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Eight district of Arunachal cut off due to Assam flood, shortage of foodgrains

Samudra Gupta Kashyap, Guwahati, 12 June, 2015:

Rains in the Eastern Himalayas and the Assam valley over the past one week have cut Arunachal Pradesh off the rest of the country and left the Brahmaputra and its tributaries flowing above the danger mark in several parts of Assam. More rains are forecast over the next few days.

On the way to school in Balimukh village of Morigaon district in Assam on Thursday, rowing across what used to be a paddy field. (Source: Reuters photo)

Road links have been snapped in eight districts of Arunachal, leaving several administrative circles faced with a shortage of essential items including foodgrains.

“Though it is only the beginning of the monsoon, the situation is already very bad. Most of the border townships and circle headquarters in Longding, Tirap, Changlang, Anjaw, Dibang Valley, Upper Siang, West Siang and Upper Subansiri districts have been cut off by landslides,” said Bamang Felix, government spokesperson.

Itanagar, the capital, has been almost totally cut off. “The main National Highway connecting Itanagar to Bandardewa (Assam) has been blocked at Karsinga for nearly a week. The alternative road to Gohpur too has been snapped at several points. Itanagar is now connected only through a village road to Assam,” Felix said. At least three persons have been killed by landslides in Itanagar, not far from the chief minister’s home. Rains have led to such landslides in many localities and families have been shifted. “Water supply lines have been snapped and electric poles uprooted in many localities,” Felix said. Schools and colleges in Itanagar and Naharlagun have been shut until Monday.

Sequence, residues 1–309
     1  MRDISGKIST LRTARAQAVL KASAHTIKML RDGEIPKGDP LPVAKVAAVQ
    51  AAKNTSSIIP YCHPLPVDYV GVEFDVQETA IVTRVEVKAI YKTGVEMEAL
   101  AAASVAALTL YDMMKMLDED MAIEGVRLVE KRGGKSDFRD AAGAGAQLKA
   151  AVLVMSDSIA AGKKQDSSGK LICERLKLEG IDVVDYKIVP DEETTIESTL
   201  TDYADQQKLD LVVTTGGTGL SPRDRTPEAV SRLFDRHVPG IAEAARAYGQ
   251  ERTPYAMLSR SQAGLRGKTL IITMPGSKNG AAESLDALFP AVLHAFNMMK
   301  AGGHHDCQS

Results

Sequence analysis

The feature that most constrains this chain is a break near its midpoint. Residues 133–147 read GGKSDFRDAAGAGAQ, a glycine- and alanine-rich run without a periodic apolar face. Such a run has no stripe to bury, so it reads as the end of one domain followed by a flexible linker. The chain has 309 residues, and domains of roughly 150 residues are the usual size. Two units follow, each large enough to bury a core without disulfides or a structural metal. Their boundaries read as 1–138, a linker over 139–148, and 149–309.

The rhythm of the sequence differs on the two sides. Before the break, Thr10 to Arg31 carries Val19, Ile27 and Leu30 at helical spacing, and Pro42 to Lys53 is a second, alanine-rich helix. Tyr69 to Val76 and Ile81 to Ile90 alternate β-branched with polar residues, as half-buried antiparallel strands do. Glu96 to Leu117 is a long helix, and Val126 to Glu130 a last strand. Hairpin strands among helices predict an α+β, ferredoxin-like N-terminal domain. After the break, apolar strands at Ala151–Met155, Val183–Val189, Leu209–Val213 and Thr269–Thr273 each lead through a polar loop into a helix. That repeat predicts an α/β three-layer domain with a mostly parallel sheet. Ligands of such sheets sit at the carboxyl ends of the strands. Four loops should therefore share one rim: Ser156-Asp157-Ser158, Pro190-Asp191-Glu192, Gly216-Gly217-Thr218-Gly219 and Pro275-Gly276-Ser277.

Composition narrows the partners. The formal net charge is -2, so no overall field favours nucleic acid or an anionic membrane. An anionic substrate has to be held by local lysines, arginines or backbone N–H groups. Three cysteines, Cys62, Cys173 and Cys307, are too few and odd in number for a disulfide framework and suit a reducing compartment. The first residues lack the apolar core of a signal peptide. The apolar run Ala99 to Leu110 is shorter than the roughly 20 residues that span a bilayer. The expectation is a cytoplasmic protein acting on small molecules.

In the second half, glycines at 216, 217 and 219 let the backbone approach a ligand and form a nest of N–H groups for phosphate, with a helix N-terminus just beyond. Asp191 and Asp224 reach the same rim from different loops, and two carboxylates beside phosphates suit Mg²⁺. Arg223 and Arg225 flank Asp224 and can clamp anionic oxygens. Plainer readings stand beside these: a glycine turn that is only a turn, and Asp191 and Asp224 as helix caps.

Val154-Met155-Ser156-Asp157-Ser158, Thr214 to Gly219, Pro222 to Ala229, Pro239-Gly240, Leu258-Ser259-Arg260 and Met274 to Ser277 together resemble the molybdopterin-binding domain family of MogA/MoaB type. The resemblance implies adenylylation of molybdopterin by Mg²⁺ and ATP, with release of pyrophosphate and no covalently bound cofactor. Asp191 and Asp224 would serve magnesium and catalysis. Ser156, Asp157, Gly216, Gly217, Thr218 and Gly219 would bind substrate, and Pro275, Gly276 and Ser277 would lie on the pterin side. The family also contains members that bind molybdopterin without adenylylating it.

In Anjaw, one of 10 districts that share a boundary with China, deputy commissioner Nyabin Ete said, “We are in a helpless situation. A bridge has been washed away between Hawai and Wallong, cutting off two vital Army positions at Wallong and Kibithu (near the border).” Ete said he trekked several kilometres on Thursday to return to Hayuliang after he was stuck on the road. In Upper Siang, through which the river Tsangpo enters India to become the Brahmaputra, five of the eight administrative circles are cut off. “Luckily, we had stocked enough foodgrains before the rains began,” DC Remo Kamki said. In Tirap, landslides have cut off Laju, an administrative circle on the Myanmar border, for more than 10 days. “The Border Roads Task Force had only a month ago cleared a major landslide between Khonsa and Laju. Last week, another landslide almost wiped out the road near Puntong village. This has also disrupted movement of troops to the border areas where operations are on against the NSCN-K,” said an official in Tirap. The situation has improved slightly in East Siang during the past two days with road links restored, said DC Nidhi Srivastava, but “electricity to many places remains suspended as landslides have uprooted poles”.

Source: The Indian Express



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